"Xen in Black Mesa is on another level altogether and channels the base game’s mix of combat and exploration while featuring easily some of the best platforming."
Sometimes that balance can shift a bit unfavorably though. Certain platforming sections can be frustrating to properly grasp, especially the “tower” in Lambda Core that requires carefully entering and exiting portals with seamless timing. Other sequences can also be rough if you don’t know what to do (the helicopter over the hydroelectric dam says hello). You might also get lost in certain sections, wondering where to go next.
The majority of combat and puzzles play out in unique fashion though, requiring observation and at times manipulation of your environment to succeed. Half-Life was considered at one point in time to be an “adventure game with guns” as opposed to a straight first-person shooter and that adage still holds up over time, warts and all.
So what about the new stuff, namely Xen? To put it simply, Xen in Black Mesa is on another level altogether and channels the base game’s mix of combat and exploration while featuring easily some of the best platforming. Just like the research labs felt lived in and messy, so too does the alien flora and fauna feel at home in its own natural environment.
"Black Mesa is truly the best way to experience Half-Life in this day and age. I’d probably argue that it’s the best way to experience the classic tale, period."
The story-telling surrounding the Vortigaunts, who live under the oppression of the Nihilanth and its forces, is also masterfully handled and helps tie into the sequel without feeling out of place. The reimagined boss battles against the Gonarch and Nihilanth are also incredible, making the new Xen worth the price of admission alone.
One could go on about how great Half-Life is. The shooting and the distinctive feel of each weapon, the deft balance between quiet investigation and sudden hostility, or the level design which flows from one chapter to the next in seamless fashion without ever feeling monotonous or padded out – so many of these things still hold up over time. Black Mesa doesn’t lean on that heritage so much as honor it and present it in the best way possible, while still having enough room to excel at its own thing. It does all this with nary a technical hiccup or glitch, only stumbling at certain sequences before picking up again.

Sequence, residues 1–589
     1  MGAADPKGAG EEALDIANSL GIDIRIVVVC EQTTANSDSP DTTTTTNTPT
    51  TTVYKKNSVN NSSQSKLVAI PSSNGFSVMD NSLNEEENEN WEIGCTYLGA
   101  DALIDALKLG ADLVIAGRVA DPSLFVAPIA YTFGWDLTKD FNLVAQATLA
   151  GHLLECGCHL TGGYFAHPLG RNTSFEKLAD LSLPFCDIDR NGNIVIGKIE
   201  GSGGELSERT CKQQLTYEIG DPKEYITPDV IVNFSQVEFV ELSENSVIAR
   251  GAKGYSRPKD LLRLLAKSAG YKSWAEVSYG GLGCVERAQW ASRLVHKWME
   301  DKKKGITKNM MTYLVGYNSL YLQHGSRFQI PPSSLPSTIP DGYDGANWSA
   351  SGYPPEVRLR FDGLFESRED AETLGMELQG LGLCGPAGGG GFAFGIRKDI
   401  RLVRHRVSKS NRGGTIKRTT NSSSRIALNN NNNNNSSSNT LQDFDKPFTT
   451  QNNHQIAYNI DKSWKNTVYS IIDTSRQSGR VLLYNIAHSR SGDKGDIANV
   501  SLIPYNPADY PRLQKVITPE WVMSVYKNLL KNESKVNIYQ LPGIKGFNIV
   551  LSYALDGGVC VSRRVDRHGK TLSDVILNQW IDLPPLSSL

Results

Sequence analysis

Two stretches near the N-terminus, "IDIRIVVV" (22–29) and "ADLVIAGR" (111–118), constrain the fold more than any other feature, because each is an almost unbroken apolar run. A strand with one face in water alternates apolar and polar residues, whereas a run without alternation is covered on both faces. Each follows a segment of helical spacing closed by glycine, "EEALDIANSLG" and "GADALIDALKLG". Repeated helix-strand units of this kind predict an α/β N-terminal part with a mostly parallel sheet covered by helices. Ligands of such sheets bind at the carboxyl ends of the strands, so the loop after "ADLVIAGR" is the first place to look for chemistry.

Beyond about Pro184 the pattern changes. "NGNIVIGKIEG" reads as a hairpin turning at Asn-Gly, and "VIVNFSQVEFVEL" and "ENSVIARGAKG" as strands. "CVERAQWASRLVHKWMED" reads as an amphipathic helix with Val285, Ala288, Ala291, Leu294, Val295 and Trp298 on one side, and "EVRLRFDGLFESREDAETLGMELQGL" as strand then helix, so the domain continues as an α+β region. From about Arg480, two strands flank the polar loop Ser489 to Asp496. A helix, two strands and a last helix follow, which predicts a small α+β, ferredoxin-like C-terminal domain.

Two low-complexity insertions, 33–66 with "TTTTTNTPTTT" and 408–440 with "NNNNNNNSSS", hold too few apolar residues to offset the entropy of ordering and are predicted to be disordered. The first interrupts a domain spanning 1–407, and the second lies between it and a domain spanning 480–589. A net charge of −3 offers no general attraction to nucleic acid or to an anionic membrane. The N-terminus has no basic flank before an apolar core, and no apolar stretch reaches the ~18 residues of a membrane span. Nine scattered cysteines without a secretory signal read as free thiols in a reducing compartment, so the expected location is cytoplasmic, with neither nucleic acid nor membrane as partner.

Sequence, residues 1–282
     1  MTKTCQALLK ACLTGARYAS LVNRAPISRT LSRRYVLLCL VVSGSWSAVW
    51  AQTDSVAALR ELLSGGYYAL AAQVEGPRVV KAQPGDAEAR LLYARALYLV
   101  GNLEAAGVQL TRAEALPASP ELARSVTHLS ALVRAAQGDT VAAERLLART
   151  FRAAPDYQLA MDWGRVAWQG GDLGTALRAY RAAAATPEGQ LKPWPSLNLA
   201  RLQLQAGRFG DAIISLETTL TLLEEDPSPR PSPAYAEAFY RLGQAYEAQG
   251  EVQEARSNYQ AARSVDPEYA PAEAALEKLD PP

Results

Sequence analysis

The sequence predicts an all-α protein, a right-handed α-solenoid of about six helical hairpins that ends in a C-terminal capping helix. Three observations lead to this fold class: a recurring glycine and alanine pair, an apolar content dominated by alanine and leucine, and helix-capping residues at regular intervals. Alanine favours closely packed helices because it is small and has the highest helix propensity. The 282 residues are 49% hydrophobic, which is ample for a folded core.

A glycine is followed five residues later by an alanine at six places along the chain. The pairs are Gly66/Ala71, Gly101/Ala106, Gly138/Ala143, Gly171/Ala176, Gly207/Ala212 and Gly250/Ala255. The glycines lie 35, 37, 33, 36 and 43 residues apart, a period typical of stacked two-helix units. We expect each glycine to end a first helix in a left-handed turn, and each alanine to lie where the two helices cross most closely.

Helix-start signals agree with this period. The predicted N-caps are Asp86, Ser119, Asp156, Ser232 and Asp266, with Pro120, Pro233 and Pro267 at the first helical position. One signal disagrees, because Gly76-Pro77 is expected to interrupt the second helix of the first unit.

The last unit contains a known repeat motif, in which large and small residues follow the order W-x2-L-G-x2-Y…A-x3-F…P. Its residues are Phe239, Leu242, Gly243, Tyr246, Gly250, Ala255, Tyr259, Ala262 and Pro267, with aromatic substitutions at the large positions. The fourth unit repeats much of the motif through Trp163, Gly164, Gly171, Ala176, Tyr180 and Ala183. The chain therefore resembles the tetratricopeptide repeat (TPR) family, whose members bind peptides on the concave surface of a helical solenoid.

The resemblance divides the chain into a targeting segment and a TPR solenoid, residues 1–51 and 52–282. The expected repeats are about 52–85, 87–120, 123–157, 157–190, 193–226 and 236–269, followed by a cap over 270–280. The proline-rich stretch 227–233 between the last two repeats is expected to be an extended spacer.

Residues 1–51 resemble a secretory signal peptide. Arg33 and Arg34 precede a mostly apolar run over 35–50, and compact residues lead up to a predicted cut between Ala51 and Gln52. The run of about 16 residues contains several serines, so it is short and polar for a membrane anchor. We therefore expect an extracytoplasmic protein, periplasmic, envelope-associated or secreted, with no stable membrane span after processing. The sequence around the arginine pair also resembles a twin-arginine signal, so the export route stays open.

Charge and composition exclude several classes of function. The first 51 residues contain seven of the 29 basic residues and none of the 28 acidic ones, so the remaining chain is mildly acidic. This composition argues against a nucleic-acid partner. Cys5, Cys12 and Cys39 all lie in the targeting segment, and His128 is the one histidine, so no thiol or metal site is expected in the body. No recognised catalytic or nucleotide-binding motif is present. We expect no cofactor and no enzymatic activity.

Black Mesa is truly the best way to experience Half-Life in this day and age. I’d probably argue that it’s the best way to experience the classic tale, period. But no matter which side you fall on – whether it’s wanting to relive the origin of the Freeman or simply playing a compelling first-person shooter narrative – Black Mesa is a triumph in almost every single way.
This game was reviewed on PC.
Excellent graphics and aesthetics. Stellar work in maintaining the signature Half-Life charm. Beautifully redesigned environments and character models. Clever new mechanics with solid gunplay and excellent artificial intelligence. Xen was more than worth the wait.
Some platforming sections can still be finicky. Certain sequences still fall prey to trial-and-error by death. Easy to get lost in some sections, leading to annoying backtracking.
It's been a long, long wait but Black Mesa is here. If you've never experienced Valve's original masterpiece, want to wax nostalgic about real story-telling in an FPS, or just want an excellent game to play, Black Mesa is where it's at.